CHRISTOPHER Devonside had the world at its feet on the day of the 1989 FA Cup semi-final. This all-round sportsman had celebrated his 18th birthday two weeks previously, passed his driving test and was preparing to take his A-levels and go to university. He never got the chance.
The night before the much-anticipated match between Liverpool and Nottingham Forest, Christopher persuaded his father Barry to allow him to stand with his friends on Hillsborough’s Leppings Lane terrace.
As Mr Devonside took his seat in the North Stand, he spotted his son at 2.35pm on the terracing wearing his distinctive, bright red Wales rugby top. It was the last time that he saw him alive.
Every parents’ worst nightmare - one that still haunts Mr Devonside and his wife Jacqueline - was only just beginning.
It is one of many personal tales of betrayal and injustice chronicled in a haunting new book, Hillsborough Voices, which has been published after a two year inquest ruled that 96 Liverpool supporters were killed unlawfully.
Mr Devonside says his “blood ran cold” as the disaster unfolded. He says he knew instantly that this was “not a public order offence” and the anger is self-evident in his voice as he describes to The Yorkshire Post how “three or four officers pounded the chests of fans while hundreds were milling around doing next to nothing”.
As the game is abandoned, Mr Devonside returns to the pre-arranged rendez-vous point desperate to catch sight of Christopher’s bright red top.
Instead he sees his son’s friend Jason, grief etched across the face, who has the grim task of informing Mr Devonside that he has just carried Chris’s body to the gymnasium at Sheffield Wednesday’s ground, which had become a makeshift mortuary.
No words will ever do justice to Mr Devonside’s ordeal over the next six hours. “A Sheffield lady, Betty Thorpe, came up to me to see if she could help and she was an absolute angel,” he said.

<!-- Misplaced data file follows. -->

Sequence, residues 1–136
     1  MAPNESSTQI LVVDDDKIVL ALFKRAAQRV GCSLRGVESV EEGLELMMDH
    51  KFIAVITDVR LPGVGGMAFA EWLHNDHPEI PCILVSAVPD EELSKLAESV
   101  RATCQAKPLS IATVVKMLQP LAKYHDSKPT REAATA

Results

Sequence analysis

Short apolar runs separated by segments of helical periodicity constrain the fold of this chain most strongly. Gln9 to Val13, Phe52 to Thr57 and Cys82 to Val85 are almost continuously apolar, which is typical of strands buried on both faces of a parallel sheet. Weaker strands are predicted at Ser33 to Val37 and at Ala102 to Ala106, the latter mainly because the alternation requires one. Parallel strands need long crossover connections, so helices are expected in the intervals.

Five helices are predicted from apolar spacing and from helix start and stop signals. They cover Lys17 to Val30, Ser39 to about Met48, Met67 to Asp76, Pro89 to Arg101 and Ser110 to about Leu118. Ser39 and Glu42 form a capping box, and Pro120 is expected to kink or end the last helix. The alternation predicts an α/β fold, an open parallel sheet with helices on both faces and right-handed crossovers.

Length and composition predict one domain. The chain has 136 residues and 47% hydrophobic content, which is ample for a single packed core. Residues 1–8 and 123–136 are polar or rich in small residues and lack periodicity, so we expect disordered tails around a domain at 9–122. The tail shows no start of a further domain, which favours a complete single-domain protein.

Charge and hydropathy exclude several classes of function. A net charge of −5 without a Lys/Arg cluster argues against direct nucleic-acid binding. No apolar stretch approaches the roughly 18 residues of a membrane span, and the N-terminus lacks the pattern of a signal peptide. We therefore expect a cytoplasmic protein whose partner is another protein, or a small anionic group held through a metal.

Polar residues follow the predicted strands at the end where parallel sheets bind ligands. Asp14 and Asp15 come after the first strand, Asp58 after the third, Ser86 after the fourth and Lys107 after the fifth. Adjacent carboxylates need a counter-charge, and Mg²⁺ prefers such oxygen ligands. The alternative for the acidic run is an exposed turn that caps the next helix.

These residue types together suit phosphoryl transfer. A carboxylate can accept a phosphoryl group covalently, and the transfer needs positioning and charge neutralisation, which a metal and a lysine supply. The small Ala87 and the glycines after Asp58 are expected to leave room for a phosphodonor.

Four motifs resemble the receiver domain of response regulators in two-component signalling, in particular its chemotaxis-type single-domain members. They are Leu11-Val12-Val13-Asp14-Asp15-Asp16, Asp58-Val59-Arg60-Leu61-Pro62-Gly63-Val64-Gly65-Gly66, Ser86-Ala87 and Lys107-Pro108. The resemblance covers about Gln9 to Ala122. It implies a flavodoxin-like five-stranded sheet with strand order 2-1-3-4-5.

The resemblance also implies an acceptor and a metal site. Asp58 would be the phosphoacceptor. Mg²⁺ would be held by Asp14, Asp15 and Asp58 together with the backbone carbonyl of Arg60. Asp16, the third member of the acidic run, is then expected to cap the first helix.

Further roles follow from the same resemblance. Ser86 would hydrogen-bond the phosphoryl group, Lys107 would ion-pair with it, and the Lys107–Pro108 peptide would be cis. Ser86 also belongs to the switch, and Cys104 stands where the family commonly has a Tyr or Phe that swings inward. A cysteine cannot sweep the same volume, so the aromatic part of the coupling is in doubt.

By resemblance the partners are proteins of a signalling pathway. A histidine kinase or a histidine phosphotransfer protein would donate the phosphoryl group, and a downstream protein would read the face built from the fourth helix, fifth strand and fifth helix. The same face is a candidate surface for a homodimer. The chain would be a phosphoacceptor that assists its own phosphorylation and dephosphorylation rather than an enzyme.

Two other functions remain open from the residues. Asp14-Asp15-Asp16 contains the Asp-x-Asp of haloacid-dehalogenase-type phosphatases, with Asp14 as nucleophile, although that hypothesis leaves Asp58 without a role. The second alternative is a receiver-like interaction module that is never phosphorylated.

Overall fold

“We went to the gymnasium door and the largest officer in the world answered the door and said ‘What do you want?’ I told him who I was, why I was there and gave him a detailed description of Chris, including the rugby top, and he said ‘Wait there’. He was gone 12 or 15 minutes and came back and said ‘Nobody of that description’. But Jason had told me he had carried Chris there.
“The door was slammed shut in my face.”
It was not the last time that he, and his fellow families, would face such obstructiveness.
Mr Devonside and his ‘guardian angel’ then spent the next hours visiting Sheffield’s two hospitals, and their mortuaries, in desperation.
“That officer was aggressive. He lacked professionalism and humanity,” he said. “As I result of that lie, I spent six hours looking for Chris when all of the time he was inside the gym.”
When Mr Devonside, by now joined by relatives from Liverpool, returned to the Hillsborough gym at 11pm and was able to identify Chris, he was taken aback by the police questioning which asked what they had to eat and drink on the journey from Formby to Sheffield.
This was the moment, says Mr Devonside, that he realised that the police would attempt to blame the tragedy on Liverpool supporters.
He says he was the only person to attend all 80 days of the original Sheffield inquest presided over by Dr Stefan Popper.
What he witnessed as the accidental death verdict was recorded sickens Mr Devonside to this day. “As I stood up to go, two policemen came up with spirits, wines and beers and went in to celebrate the verdict with the coroner,” he maintains. “A police officer saw me and slammed the door in my face.
“My wife and I have been married for 45 years, and for 27 years we have been fighting the justice system and South Yorkshire Police.”
He says he was even assaulted by a police officer when he was invited to meet Peter Wright, the then chief constable, after attending a meeting of the now defunct South Yorkshire Police Authority in Barnsley.
Though Mr Devonside was reassured by Home Secretary Theresa May’s personal update on Operation Resolve, the inquiry into the policing of Hillsborough, and the separate IPCC investigation into the subsequent cover-up, he says he told her that he - and others - will not settle until individual officers stand trial.
The magistrate says he, his family and fellow campaigners have been made out to be “criminals” for wanting the truth about how their loved ones died. “We’re the ones who have been on trial,” said Mr Devonside.
“As we said in our inquest statement, our son went to a football game on a sunny Saturday in England and never came home. His life was ended abruptly, prematurely and unnecessarily because of the failures of others preventing Chris from fulfilling his dreams.”